2005 BES Annual Meeting Presentation and Poster Abstracts
Variations in Calcium and Arthropod Abundance in Residential Yards along an Urban to Rural Gradient
Murawski, L., C. Wong, K. Szlavecz, R.V. Pouyat, P. Marra, S. Lev, and C. Ryan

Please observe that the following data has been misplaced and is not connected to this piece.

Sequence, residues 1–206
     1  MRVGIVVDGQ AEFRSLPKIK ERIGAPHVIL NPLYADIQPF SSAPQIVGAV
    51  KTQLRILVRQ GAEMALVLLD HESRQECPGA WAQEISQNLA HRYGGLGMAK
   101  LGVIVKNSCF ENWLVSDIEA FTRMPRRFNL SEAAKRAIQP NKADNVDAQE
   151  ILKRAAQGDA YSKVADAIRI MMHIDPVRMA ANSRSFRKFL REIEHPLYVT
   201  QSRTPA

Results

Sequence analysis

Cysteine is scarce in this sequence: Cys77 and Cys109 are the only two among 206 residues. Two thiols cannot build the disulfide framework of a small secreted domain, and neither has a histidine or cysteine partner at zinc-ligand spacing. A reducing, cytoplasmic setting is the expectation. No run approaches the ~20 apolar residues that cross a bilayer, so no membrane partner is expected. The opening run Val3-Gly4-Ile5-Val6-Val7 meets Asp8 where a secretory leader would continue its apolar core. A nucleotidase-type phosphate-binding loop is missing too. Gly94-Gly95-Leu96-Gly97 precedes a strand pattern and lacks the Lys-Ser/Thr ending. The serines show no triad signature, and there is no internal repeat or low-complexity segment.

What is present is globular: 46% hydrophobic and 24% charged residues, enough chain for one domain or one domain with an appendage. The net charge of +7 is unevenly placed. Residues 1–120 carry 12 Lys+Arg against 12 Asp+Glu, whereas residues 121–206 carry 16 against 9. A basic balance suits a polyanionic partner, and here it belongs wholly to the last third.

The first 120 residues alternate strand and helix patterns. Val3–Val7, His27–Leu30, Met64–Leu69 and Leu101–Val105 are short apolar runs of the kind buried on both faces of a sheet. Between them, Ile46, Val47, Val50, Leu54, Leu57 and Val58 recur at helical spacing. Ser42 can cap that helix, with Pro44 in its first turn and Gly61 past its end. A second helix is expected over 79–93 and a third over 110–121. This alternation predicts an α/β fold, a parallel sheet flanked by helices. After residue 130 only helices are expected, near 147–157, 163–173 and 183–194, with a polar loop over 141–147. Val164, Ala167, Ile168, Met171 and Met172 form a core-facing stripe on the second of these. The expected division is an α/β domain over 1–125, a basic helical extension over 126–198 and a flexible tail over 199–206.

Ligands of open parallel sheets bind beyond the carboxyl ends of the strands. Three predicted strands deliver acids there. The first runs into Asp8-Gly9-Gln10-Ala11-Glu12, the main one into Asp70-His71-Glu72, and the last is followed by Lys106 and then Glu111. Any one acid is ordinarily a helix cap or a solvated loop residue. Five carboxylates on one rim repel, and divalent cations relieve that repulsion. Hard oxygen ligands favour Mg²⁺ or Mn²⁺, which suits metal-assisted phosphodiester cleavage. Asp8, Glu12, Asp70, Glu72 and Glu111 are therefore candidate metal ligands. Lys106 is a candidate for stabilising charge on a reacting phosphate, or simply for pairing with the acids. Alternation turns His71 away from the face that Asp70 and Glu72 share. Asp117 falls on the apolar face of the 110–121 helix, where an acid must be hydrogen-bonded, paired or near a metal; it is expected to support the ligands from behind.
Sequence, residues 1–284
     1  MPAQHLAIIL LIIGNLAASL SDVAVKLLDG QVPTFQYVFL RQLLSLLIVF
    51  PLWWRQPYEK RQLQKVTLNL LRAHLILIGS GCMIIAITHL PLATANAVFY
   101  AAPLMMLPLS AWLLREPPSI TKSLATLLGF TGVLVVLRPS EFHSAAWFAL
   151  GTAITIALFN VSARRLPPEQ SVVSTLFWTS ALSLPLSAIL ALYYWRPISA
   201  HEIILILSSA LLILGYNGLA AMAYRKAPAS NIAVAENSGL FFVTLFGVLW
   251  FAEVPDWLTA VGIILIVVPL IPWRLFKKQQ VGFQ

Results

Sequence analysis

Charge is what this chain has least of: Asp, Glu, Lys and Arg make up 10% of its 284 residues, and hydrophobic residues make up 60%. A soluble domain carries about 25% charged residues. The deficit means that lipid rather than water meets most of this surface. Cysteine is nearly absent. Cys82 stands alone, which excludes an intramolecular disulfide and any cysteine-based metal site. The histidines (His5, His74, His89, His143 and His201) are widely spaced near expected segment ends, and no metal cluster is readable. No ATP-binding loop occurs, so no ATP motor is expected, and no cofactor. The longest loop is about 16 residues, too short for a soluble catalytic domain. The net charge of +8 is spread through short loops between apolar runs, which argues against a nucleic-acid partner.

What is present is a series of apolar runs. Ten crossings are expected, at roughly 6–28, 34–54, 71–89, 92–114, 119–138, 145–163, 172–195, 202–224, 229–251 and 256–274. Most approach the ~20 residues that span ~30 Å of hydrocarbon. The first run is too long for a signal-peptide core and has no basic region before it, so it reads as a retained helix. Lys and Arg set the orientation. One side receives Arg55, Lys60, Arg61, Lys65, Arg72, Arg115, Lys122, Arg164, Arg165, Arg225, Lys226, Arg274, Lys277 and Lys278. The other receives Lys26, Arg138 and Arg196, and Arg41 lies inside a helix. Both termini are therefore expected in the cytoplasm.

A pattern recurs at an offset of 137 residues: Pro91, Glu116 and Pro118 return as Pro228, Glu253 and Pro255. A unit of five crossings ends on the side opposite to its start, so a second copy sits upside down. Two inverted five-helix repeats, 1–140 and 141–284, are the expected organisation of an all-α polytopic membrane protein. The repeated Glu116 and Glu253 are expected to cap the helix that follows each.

Abstract: Rapid urbanization at regional and global scales necessitates an understanding of these newly formed urban habitats. Previous studies indicate that regional and local scale deposition contributes a significant amount of calcium to soils in urban areas. Calcium is known to limit the growth of soil isopods and studies have shown that soil isopod abundances are higher in urban than in rural forest patches. While these studies have focused on forested areas along an urban to rural gradient, residential areas have not been investigated though they are the dominant land use in urban areas. This study addresses the following questions: Does calcium vary in residential soils i) regionally across an urban to rural land use gradient and ii) locally within yard patches (front yard, backyard, proximity to road, and home) and iii) do isopod abundances correspond with soil Ca concentrations? The sites used in this study correspond with the Neighborhood Nestwatch network in the Washington D.C and Baltimore Metropolitan areas. Calcium levels were more than two-fold greater in suburban sites than the other land use types. Isopod abundance in urban areas was highest, and pH significantly correlated with calcium levels in the soil. The results suggest that calcium levels and arthropod abundance are being affected by more than local and regional deposition.